Civil servants will meet representatives of the leading US electronic tagging company tomorrow to discuss the possibility of monitoring across time zones offenders confined under 'house arrest'.
The electronic tagging of offenders was first tested in Britain in 1989. It was abandoned when three pilot projects ended in near-farce, after 18 offenders tore off their tags and ran away. But the idea has been revived, and electronic companies have been invited to bid for the contracts to run new trials on 400 to 500 male and female offenders in Manchester, Norfolk and Reading next year. Civil servants and ministers have an almost evangelical belief in the technology.
The system works by fitting a transmitter on to the ankle of a defendant awaiting trial, or a criminal. If the criminal breaks his curfew, his absence can be detected using a monitoring device installed by the telephone.
The Home Office believes there is no reason why American companies could not monitor British offenders from computer centres in the United States.
At a meeting with the Association of Chief Officers of Probation on 29 April, Hugh Marriage, the deputy head of the Home Office Probation Division, outlined trans-continental tagging.
A minute of the meeting reports that Mr Marriage expects to receive tenders from US tagging firms. 'It is thought likely that during the trials at least, contractors will operate the electronic systems from their home base in the United States with only a small staff presence in the UK,' the minute says.
'The technology is such that it is now possible to operate the system around the world . . . One American firm is operating electronic monitoring from America for the Singapore government.'
Several US tagging firms, including BI Incorporated, the biggest electronic monitoring company in the US, plan to break into what they hope will be a lucrative British market.
John Thurston, BI's International Manager, who will be meeting Mr Marriage tomorrow to discuss contracts in Britain, said from the firm's headquarters in Boulder, Colarado, that it was 'certainly technically possible' to monitor offenders from across the Atlantic, although the Home Office claim that Singapore drug users were being monitored from America was false.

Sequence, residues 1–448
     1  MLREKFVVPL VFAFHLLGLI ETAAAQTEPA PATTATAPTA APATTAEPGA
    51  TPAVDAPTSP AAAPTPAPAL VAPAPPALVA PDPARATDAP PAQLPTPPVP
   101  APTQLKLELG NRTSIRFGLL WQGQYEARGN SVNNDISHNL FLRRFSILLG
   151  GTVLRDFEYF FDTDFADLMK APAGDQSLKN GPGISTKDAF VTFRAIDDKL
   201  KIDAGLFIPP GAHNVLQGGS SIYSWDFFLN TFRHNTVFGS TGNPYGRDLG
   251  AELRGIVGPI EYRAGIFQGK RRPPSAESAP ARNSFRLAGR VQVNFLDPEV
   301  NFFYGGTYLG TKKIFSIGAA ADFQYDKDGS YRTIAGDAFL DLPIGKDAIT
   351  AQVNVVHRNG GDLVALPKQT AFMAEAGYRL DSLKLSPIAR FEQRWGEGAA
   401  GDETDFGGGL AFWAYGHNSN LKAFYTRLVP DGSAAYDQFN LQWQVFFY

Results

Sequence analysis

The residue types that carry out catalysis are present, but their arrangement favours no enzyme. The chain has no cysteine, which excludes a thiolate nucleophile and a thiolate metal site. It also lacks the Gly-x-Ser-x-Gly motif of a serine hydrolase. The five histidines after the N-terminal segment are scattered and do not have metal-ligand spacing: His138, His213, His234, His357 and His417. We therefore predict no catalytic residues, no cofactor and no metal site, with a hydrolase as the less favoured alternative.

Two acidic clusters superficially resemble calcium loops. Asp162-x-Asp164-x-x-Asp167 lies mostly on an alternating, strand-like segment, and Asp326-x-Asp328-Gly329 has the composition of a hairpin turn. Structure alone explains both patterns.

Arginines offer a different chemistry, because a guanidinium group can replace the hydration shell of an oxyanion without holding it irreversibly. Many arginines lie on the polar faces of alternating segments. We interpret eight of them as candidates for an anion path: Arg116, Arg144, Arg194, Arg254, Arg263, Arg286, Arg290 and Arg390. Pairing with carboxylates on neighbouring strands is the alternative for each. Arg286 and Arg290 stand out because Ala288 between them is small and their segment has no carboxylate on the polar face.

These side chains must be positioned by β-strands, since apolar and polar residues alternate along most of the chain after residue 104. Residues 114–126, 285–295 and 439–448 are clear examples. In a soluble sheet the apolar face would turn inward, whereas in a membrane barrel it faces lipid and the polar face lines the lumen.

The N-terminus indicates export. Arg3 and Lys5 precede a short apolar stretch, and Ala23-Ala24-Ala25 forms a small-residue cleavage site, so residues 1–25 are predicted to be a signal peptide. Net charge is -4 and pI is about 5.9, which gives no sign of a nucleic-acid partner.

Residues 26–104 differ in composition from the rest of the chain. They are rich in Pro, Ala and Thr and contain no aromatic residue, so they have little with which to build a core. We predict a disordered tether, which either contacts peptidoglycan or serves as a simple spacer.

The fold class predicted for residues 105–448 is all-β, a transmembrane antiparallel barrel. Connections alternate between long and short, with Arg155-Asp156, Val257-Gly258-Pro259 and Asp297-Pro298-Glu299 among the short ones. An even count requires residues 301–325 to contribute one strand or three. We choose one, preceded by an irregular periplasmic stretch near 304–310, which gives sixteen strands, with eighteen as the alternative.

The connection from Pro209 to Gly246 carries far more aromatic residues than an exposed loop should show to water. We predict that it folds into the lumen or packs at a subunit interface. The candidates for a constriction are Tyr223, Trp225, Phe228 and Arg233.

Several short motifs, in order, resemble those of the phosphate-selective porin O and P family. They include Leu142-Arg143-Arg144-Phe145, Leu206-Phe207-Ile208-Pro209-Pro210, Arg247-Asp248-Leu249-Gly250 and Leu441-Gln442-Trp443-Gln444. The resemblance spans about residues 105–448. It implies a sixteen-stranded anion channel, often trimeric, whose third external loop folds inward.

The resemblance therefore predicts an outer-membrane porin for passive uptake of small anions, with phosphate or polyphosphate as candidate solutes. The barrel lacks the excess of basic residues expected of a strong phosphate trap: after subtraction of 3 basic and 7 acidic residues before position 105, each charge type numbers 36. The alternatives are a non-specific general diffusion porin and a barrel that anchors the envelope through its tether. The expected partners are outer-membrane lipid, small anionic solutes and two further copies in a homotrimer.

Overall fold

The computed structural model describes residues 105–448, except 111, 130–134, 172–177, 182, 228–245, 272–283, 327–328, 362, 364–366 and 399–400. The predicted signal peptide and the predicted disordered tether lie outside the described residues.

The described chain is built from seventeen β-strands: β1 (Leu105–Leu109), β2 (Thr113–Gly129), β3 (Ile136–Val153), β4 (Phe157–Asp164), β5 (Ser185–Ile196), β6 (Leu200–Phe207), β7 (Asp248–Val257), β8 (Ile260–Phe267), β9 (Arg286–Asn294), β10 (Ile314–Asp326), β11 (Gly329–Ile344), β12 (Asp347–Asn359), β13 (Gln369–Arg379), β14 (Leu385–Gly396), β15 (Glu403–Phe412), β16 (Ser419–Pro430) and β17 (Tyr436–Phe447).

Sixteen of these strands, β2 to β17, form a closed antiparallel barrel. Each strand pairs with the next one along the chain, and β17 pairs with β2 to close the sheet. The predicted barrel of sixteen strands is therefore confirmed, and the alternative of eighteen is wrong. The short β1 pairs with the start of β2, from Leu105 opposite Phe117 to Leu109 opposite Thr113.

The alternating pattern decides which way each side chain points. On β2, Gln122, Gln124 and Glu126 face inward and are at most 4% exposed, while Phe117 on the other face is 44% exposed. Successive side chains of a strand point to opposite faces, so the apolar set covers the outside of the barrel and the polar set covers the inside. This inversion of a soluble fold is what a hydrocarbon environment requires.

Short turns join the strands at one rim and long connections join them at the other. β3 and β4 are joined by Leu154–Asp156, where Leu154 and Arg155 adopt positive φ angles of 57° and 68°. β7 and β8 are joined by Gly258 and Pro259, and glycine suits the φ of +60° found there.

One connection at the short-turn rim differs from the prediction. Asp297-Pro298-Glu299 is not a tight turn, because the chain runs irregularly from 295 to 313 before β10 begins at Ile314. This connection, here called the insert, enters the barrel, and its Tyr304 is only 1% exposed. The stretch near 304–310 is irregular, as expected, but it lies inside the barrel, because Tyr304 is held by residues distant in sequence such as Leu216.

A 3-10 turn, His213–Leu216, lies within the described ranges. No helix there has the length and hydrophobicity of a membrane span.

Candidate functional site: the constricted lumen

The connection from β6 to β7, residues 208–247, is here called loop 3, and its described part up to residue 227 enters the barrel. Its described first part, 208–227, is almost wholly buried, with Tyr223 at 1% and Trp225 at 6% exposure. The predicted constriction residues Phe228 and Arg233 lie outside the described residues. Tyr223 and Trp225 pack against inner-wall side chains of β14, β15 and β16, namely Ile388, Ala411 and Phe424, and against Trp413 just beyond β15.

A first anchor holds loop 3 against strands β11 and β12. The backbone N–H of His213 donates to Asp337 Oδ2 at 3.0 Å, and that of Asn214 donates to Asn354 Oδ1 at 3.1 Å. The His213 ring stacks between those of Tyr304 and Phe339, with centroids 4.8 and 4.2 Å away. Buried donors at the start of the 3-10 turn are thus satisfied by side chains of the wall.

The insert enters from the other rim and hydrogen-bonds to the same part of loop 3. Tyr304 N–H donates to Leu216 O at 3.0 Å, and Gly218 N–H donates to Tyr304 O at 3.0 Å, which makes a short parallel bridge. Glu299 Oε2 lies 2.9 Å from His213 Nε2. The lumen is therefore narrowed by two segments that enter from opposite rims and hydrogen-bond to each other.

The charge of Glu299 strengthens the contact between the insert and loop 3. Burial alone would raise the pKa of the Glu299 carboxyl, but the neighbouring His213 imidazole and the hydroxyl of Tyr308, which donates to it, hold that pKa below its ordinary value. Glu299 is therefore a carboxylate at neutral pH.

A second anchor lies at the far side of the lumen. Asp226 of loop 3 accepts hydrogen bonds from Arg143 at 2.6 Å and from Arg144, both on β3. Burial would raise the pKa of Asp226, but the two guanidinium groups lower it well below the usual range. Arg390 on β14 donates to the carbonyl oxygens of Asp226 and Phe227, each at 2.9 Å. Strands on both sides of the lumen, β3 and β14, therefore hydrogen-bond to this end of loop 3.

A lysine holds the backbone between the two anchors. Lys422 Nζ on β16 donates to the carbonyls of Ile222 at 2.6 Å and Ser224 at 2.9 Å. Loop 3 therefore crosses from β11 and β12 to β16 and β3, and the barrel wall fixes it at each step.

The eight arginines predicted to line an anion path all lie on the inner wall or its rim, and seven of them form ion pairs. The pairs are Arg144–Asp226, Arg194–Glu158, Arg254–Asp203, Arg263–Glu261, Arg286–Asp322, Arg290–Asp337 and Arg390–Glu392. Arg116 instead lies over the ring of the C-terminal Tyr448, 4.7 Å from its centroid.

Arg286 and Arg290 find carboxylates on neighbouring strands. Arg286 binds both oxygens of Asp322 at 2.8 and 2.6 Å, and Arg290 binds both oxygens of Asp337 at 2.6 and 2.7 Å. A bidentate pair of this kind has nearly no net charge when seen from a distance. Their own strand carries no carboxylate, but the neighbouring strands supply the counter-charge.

'If they wanted us to do it we would,' he said 'But I wonder whether there is any way the British public would put up with it.'
Probation officers, meanwhile, have warned that the Home Office is planning to tag thousands of offenders and defendants - a policy which would enable private American and British companies to become powerful forces in the criminal justice system.
Harry Fletcher, spokesman for the National Association of Probation Officers, said that the Government was no longer considering tagging criminals and confining them at home for up to 12 hours a day as an alternative to prison. Instead it is studying tagging 'thousands of minor offenders' as an alternative to 'constructive probation schemes in the community'.
'Despite all the evidence from the past that tagging is an expensive failure, wide-eyed Home Office officials and ministers still prefer to look for technological solutions to crime rather than tackling its root causes or trying to change offenders' behaviour.'
The history of tagging is certainly chequered.
It was invented in 1983 by Judge James Love, of Albuquerque, New Mexico, whose inspiration came from a Spiderman cartoon strip in his local newspaper. It showed the superhero being tagged by Kingpin, an evil villain, and tracked across the city. Judge Love took the idea to a businessman friend, who manufactured the first tag.
The judge saw tags as a humane alternative to prison, but is now concerned by the Orwellian power of the state to monitor and watch citizens.
When the Home Office first tried tagging in 1989, it spent pounds 500,000. Despite the massive outlay, magistrates in three pilot project courts were sceptical. In six months they found just 49 defendants suitable to be tagged.
Of these, 18 tore off their tags and ran away. Another 11 committed further offences while they were meant to be under house arrest. There were scores of technological faults. One defendant found there was a 'tag black spot' under his duvet, which set off an alarm.
The most spectacular failures included:
Two Scotsmen in London who obeyed the curfew order until they were interviewed for a television programme on tagging. They blew their appearance fees on a pub crawl, ran away and were found drunk and exhausted several days later.
A man alleged to have been involved in a killing while he was wearing a tag.
A young Tynesider who tore off his ankle tag and fled to Brighton. He found life in the South so hateful, he returned home and gave himself up. Magistrates, impressed by his local patriotism, said he didn't need to wear a tag again.
Critics point out that tagging is being promoted in Britain just when it is falling into disrepute in the United States.
An FBI investigation is now underway in Washington DC after 7,000 tagged offenders went missing in four years, and 700 are still on the run.
Records were falsified and escapes not reported to the police because staff could not keep up with the huge number of tagging failures. Arthur Hood, one of the correction officers who exposed the scandal, told how he had faked the records after one offender he knew, who ran away without any official alarm being raised, was found dead by the police miles away, still wearing his bracelet.
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